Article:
Teachers Strike

Striking teachers at a past demonstration. Pupils want the strike to end (Photo: kenyanjournalofhumour.wordpress.com).

By Lorna Abuga.

While the President maintains that he will not honor a court order and increase teachers pay, candidates in public schools are fearing they will perform poorly in their final examination this year due to lose of time.

The teachers strike is in its third week after they downed their tools to demand a pay increase of 50-60 percent. The decision on the pay increase was reached at through a court ruling but which was later termed by President Uhuru Kenyatta as an error. While insisting that he will not honor the court decision the President cautioned against taking economic moves that could kill the economy.

But students want the government to pay the teachers.

“We are expected to sit for our national exams in November and as per now we have not completed covering the syllabus and this is frustrating because most of us cannot concentrate on our studies at home,”

said Hector Carson, a class eight pupil at Moi Primary School Tambach in Elgeyo Marakwet county told the Kenya Monitor via phone.

The 14 year old boy appealed to the President to obey the court order saying this was a crucial moment when candidates were supposed to be doing final touches in readiness to the national exams.

“We are feeling so desperate because the government has insisted that the national examinations will go as scheduled despite the current standoff that has seen teachers down their tools,” said the aspiring pilot.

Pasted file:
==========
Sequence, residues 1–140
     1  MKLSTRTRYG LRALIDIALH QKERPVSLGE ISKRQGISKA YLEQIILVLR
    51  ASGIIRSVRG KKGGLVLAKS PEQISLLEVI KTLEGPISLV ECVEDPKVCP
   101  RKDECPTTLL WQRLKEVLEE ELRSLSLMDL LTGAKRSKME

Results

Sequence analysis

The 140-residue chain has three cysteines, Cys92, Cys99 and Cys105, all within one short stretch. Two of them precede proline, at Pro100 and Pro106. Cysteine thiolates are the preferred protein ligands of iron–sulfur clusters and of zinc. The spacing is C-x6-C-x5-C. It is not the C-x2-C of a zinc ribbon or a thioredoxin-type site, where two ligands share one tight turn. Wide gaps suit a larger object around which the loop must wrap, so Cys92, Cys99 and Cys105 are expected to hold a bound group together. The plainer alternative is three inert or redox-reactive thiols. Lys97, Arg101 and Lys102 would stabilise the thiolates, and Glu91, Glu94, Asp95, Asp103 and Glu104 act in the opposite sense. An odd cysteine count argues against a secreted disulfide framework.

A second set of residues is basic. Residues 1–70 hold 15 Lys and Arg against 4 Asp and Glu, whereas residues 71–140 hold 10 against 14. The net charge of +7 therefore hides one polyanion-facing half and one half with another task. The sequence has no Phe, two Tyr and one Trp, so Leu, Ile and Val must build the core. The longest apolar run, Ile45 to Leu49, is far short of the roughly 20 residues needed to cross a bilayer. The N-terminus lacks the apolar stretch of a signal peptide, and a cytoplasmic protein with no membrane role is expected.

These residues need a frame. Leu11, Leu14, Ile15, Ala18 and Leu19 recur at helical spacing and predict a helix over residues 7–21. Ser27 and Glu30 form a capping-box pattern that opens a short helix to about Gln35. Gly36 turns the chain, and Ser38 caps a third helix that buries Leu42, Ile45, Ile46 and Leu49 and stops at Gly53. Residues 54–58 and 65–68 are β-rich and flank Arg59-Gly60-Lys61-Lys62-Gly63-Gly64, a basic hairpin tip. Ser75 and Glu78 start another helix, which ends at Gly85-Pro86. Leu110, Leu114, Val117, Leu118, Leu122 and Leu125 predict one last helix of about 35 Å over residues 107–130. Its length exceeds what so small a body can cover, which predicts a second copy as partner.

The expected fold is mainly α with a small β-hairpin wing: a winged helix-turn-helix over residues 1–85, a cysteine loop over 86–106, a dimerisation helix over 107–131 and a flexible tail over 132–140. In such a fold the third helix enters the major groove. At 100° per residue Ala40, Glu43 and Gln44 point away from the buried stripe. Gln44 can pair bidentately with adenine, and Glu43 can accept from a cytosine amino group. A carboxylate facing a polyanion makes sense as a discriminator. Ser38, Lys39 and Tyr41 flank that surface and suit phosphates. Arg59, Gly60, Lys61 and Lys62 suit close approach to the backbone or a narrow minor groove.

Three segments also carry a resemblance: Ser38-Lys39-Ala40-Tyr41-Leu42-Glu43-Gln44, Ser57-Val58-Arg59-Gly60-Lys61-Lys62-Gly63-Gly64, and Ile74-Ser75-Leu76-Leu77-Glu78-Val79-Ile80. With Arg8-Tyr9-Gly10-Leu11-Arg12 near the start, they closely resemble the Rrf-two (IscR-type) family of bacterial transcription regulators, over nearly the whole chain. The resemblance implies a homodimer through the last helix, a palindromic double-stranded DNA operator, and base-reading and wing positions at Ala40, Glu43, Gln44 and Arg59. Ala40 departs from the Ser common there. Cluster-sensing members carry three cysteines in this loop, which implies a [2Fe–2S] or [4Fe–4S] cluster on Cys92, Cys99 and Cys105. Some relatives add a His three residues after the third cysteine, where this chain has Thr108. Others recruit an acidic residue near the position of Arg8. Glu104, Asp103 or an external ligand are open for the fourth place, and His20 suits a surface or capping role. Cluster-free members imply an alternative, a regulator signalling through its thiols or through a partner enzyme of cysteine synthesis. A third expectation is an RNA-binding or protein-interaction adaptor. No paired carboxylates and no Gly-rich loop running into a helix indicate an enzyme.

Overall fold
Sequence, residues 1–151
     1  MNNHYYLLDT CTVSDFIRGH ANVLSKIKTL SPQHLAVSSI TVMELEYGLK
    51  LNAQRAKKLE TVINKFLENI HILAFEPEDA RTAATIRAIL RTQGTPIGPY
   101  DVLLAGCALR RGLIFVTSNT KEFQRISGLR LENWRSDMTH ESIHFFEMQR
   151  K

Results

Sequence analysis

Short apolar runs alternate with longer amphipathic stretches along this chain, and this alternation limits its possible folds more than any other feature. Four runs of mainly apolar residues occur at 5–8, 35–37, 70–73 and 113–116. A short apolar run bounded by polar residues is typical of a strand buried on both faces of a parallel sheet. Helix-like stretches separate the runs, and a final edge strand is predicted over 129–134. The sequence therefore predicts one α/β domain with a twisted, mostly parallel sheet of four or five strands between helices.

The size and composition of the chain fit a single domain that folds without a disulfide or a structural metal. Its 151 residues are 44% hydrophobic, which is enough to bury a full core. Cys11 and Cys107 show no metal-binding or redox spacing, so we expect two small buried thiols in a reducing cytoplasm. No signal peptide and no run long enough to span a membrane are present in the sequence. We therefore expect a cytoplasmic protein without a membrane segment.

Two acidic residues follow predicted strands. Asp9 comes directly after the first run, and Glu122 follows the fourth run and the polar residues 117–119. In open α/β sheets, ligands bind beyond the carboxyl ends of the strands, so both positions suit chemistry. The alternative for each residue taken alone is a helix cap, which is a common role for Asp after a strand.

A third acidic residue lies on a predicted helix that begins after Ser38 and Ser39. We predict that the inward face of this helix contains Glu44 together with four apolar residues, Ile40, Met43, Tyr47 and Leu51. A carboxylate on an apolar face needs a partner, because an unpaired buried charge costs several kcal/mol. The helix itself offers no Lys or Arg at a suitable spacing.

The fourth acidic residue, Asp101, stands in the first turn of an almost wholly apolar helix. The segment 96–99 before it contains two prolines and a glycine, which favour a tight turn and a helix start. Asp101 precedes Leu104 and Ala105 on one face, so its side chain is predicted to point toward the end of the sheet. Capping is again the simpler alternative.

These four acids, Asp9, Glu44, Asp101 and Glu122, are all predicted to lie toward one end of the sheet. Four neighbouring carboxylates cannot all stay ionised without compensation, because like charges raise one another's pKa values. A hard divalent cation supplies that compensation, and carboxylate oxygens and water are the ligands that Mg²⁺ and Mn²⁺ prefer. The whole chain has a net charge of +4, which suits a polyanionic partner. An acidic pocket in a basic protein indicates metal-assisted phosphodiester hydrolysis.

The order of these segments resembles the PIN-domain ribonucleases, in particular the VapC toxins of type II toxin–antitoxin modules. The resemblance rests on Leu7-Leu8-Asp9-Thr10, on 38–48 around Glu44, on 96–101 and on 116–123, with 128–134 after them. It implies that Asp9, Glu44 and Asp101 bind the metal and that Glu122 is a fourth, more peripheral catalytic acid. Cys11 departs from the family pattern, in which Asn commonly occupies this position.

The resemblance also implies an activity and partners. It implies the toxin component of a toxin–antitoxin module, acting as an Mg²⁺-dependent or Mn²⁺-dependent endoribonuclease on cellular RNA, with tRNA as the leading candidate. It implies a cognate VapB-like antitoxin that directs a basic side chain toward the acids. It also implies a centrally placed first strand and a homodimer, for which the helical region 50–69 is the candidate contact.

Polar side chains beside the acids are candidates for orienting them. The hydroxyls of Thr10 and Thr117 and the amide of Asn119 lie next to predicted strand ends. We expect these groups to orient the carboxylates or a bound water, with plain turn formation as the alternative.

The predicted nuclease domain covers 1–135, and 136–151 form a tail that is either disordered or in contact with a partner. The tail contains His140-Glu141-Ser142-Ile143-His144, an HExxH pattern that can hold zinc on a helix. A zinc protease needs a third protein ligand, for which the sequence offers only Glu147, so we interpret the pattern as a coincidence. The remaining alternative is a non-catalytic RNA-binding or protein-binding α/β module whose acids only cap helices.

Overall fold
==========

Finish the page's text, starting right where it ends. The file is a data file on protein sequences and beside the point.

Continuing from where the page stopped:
“The government should pay our tutors so that the children of the poor can also enjoy rights to education without interferences and by doing so it will seal the gap between private schools and public schools which has lasted over decades,” he urged.

Dorcas Kabutie, also a class 8 candidate at the same school adds that watching fellow learners in private schools proceed with learning as usual is really heartbreaking because at the end of the day

“we will seat the same examinations in November”.

“Since the strike began many pupils are idling at home and are spending most of their time playing and doing house chores because their parents are not there to monitor their schedule,”

says the 13 year old girl who aspires to be a journalist.

Their teacher, David Koech, has expressed fear over the performance of the learners in the upcoming national exams.

“The fate of the learners lies in the response of the government towards teachers demands and thereby as much as we feel the plight of our pupils there isn’t much we can do as teachers.”

Koech adds that in order for the government to exercise equity between public schools and private schools it will be forced to push the national exams to December so as provide enough time for public schools to recover the lost time.
The country will be waiting to see who among the teachers and the government will blink first. Already the Teachers Service Commission has threatened not to pay teachers on strike their September salaries, a threat that seems to be falling on deaf ears.